A forwarded website can be accomplished by first creating a subdomain or addon domain in the control panel, then using an .htaccess in document root to redirect all traffic to the new web site using mod_rewrite.
- Forwarded domain: domain that will redirect to the target domain
- Target domain: domain that is the final destination of the forwarded domain
- Path capture: take the path in the url, e.g.
http://example.com/foo/bar/baz, and transfer that path to the target domain. This is accomplished with a regex capture
Direct Forward, No Path Capture
Add the following lines to your .htaccess file in the document root of the forwarded domain (or subdomain) that you would like to redirect. Once a user accesses the website, the browser location will change to reflect the target domain.
RewriteRule ^ http://DESTINATIONSITE/OPTIONALURL [R=301,L]
Direct Forward, Path Capture
RewriteRule ^(.*)$ http://DESTINATIONSITE/$1 [R=301, L]
Proxied Forward, Path Capture
A proxied forward will attempt to keep the original domain in the Location bar of the browser and impersonate the target site as if it were hosted under the forwarded domain. There are several limitations to this approach that are only resolvable by manipulating the stream as it comes over the wire, which is also beyond the scope of this article but accomplished with reverse proxy middleware as is used in Launchpad to redirect cp.hostineer.com to each platform’s control panel.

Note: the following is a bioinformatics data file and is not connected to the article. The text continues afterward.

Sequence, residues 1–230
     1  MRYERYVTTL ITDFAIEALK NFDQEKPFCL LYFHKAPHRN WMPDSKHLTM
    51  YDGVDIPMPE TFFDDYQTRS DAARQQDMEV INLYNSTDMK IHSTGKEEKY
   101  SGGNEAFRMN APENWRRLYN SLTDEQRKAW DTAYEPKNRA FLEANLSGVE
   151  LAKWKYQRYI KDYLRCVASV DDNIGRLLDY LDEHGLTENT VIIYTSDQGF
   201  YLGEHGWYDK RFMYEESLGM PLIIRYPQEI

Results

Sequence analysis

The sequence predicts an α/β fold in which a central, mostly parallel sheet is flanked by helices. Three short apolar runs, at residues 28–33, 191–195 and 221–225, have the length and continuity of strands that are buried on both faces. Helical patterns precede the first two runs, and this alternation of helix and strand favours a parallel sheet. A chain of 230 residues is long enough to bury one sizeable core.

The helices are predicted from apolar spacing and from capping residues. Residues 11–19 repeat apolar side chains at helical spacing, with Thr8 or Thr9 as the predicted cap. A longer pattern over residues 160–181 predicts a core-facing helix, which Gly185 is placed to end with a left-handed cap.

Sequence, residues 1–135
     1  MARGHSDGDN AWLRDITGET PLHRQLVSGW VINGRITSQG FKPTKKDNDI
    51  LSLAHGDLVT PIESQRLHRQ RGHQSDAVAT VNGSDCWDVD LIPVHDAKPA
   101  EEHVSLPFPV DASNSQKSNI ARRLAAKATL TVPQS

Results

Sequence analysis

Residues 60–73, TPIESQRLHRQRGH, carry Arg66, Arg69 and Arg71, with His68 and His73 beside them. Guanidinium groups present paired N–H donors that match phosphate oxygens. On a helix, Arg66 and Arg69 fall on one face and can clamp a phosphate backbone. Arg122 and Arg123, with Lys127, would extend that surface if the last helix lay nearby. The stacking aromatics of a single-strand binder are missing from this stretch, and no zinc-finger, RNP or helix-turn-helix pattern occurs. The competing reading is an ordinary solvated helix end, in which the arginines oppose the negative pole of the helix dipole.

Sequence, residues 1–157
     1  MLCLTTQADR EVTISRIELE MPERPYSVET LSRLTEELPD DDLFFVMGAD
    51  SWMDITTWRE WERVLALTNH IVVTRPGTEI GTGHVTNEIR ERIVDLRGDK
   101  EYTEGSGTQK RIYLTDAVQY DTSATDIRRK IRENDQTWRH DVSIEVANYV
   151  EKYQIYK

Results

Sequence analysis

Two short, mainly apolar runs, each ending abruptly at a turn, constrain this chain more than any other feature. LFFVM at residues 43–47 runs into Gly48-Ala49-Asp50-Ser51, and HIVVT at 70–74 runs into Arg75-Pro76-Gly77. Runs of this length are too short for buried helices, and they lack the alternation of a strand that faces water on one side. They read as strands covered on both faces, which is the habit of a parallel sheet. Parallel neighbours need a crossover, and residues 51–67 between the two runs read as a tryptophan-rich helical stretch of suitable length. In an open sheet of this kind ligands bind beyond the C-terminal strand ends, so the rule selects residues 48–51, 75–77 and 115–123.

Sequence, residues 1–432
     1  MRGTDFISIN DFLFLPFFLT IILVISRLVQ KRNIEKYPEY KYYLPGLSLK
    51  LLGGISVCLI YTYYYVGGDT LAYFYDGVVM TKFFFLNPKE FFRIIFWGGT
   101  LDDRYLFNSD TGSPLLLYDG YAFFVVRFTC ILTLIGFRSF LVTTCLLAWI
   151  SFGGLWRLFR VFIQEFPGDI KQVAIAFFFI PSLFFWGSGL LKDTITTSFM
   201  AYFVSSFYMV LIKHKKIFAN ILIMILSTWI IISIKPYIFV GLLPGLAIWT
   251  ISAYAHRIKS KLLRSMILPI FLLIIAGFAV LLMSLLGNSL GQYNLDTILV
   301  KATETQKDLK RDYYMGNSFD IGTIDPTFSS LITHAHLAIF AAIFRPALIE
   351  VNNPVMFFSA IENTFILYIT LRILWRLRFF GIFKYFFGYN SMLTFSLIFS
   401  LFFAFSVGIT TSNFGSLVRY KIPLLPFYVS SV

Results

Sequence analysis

RewriteRule ^(.*)$ http://DESTINATIONSITE/$1 [P,L,QSA]
A proxied forward will leak the target domain’s location if the target domain uses absolute URLs or sends a “Location:” header as if forwarding in one of the two above examples.
Each redirect in the aforementioned examples uses “301”. There are 4 types of redirects to familiarize yourself with, each code is pragmatic in that it instructs the browser or search engine how to handle the response:
- 301: Permanent redirect. Clients making subsequent requests for this resource should use the new URL. Clients should not follow the redirect automatically for POST/PUT/DELETE requests.
- 302: Redirect for undefined reason. Clients making subsequent requests for this resource should not use the new URL. Clients should not follow the redirect automatically for POST/PUT/DELETE requests.
- 303: Redirect for undefined reason. Typically, ‘Operation has completed, continue elsewhere.’ Clients making subsequent requests for this resource should not use the new URL. Clients should follow the redirect for POST/PUT/DELETE requests.
- 307: Temporary redirect. Resource may return to this location at a later point. Clients making subsequent requests for this resource should use the old URL. Clients should not follow the redirect automatically for POST/PUT/DELETE requests.
Credit: Bob Aman, StackOverflow
- URL Rewriting Guide (apache.org)
- Regular Expression Tutorial – Learn How to Use Regular Expressions (regular-expressions.info)
- Redirection – Best Practices (moz.com)